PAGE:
Truck News


Clear Shot: Indigestion

It's tax time and you're getting ready to file, but you're starting to get that sick feeling, the one way down in the pit of your stomach, the one that tells you something is on its way back up.

It’s tax time and you’re getting ready to file, but you’re starting to get that sick feeling, the one way down in the pit of your stomach, the one that tells you something is on its way back up.

Make no mistake – what’s making you queasy is a year’s worth of lunches, the ones you thought were deductible.

That’s right, if you’re a short haul driver, someone who goes home at night, or even if you’re on long haul most of the time, but occasionally deduct a lunch on a short haul, you could be out of luck.

In other words, before you read the rest of this you should get ready to swallow twice, and hard.

Because that windfall you were planning on getting back when you deduct your lunches may not be coming after all.

It’s all thanks to a tax case decided and upheld on appeal in B.C. last year, where the judge ruled that B.C. ferry workers, who, like truckers, qualify as transport workers under the Canadian Income Tax Act, couldn’t deduct their lunches.

Granted, ferry workers are not truck drivers,and they do not share the work conditions of truck drivers. So common sense would lead one to conclude that the judge in this case merely looked at the particular situation (maybe the ferry had a fridge on board that would allow the workers to brown bag easily) and simply said “No, you guys aren’t in the same situation as those guys (truck drivers and rail employees) and you can’t have the same privileges.”

And to be fair, the judge did stipulate, when the defense brought up the whole what-would-you-say-to-a-truck-driver argument, that the case of truck drivers was “hypothetical,” and didn’t necessarily have a bearing on the ferry workers’ case.

But that’s small comfort to truck drivers in light of the ruling that was finally made.

The tax court judge’s ruling in this case,was based on the conjunctive “and” in the language of the Income Tax Act itself, namely the “and” that appears in “Claims or Meals AND Lodging Expenses of Transport Employees.”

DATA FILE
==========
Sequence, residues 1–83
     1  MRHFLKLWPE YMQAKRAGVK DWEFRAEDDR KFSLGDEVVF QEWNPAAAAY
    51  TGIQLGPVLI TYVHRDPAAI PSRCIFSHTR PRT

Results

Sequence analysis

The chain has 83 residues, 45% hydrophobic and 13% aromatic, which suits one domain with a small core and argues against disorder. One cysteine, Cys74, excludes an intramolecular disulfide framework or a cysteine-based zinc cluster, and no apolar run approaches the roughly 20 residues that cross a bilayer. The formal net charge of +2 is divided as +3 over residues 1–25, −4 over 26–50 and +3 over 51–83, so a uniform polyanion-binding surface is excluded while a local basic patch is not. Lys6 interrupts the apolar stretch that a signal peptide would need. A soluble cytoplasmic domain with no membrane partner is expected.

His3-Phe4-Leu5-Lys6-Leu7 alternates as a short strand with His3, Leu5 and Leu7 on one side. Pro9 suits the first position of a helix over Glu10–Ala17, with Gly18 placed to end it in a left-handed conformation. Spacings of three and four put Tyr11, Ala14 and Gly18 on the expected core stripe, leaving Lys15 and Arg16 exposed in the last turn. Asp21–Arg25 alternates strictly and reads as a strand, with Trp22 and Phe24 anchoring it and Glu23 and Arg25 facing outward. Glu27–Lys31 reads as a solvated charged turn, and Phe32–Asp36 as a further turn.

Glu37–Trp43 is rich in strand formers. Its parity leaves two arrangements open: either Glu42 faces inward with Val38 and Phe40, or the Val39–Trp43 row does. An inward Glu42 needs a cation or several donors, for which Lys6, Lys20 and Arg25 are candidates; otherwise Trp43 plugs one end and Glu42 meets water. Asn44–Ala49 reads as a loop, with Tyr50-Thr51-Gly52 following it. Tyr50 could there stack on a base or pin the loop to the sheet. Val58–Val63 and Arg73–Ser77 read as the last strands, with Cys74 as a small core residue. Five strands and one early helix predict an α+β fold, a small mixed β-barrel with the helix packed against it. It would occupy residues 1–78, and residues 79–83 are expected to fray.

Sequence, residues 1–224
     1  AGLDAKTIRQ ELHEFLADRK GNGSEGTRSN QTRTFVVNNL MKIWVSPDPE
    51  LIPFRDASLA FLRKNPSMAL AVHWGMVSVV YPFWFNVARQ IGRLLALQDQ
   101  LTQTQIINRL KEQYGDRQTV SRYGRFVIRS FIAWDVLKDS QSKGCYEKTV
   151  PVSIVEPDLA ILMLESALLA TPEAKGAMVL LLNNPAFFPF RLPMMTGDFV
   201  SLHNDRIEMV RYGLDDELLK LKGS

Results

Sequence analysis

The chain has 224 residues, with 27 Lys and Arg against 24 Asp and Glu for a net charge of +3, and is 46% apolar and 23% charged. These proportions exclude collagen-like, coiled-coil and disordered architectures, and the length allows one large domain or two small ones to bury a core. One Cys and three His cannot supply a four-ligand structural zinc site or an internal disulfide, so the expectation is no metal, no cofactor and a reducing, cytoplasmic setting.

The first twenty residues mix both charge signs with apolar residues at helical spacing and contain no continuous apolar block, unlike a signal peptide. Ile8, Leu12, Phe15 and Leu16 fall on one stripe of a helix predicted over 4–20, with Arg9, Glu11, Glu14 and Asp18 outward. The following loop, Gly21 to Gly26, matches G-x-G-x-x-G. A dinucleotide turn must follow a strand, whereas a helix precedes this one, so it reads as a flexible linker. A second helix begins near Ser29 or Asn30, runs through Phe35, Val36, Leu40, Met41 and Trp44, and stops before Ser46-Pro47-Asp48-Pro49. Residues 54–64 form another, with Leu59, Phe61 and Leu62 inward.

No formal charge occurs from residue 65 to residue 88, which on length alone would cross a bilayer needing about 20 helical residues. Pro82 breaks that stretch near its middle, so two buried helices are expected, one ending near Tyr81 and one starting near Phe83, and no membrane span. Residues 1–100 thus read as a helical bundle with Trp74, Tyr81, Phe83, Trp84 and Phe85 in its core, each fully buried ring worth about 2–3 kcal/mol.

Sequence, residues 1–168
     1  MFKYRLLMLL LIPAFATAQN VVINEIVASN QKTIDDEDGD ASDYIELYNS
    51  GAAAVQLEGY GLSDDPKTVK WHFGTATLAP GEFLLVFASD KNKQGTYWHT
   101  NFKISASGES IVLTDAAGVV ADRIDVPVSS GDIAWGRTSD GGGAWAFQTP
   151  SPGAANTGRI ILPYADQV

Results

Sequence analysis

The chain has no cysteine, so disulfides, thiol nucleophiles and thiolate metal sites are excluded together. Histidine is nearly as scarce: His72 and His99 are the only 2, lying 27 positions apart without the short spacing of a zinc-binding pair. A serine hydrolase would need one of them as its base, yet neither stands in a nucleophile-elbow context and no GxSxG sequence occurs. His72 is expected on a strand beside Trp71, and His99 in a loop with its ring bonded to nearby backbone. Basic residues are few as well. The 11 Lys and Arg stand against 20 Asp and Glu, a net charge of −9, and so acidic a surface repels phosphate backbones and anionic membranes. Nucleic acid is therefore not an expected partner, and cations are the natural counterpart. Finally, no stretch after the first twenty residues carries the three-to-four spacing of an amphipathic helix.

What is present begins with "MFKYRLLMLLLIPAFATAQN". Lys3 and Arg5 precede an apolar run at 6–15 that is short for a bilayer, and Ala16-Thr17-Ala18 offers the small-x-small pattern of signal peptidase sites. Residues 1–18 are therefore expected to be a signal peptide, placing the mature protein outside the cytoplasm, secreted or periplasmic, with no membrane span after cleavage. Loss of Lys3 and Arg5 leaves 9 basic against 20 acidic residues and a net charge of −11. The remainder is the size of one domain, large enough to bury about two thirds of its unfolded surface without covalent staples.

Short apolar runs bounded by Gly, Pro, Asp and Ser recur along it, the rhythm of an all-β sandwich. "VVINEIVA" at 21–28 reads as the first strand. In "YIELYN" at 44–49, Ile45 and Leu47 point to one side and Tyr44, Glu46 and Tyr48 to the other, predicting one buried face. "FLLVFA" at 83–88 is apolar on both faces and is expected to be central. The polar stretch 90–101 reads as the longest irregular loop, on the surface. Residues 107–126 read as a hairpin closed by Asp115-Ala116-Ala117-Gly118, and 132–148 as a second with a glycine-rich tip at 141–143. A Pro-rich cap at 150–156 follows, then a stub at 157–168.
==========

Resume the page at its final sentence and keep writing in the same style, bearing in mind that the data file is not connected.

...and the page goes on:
Apparently, the “and” was critical in the tax court’s ruling. AND it’s what makes the tax court’s ruling so darned scary for truck drivers.

Here’s why: Thanks to the conjunctive “and” ruling, the ferry workers couldn’t deduct their lunches because they weren’t required to stay away from home overnight. And since ferry workers, like truck drivers, are transport workers, it could mean the same for truck drivers who don’t stay away overnight either. (This does not include O/Os who file as businesses.)

Point is, it was decided in court, so it’s a premise, like it or not.

This despite the fact that literature (Circular 73-21R8 ) explaining transport worker meal deductions and published by Revenue Canada last fall (and after the ruling and appeal in the ferry worker case) states: “Where a shorter journey (of a truck driver) is scheduled for 10 hours or less, the CCRA would expect the transport employee to eat breakfast and dinner meals at home, as is the case with most other employees. Accordingly, only one meal per day, namely lunch, will be permitted (as a deduction) in these circumstances.”

The panic of truck drivers who have been or who were planning on claiming deductions for their lunches at the end of the month is understandable.

Should they claim and risk having to pay it all back? Or should they not claim and sacrifice a sizable chunk of change to their peace of mind?

It’s enough to make you sick to your stomach.

– Ingrid Phaneuf can be reached at 416-442-2091 or

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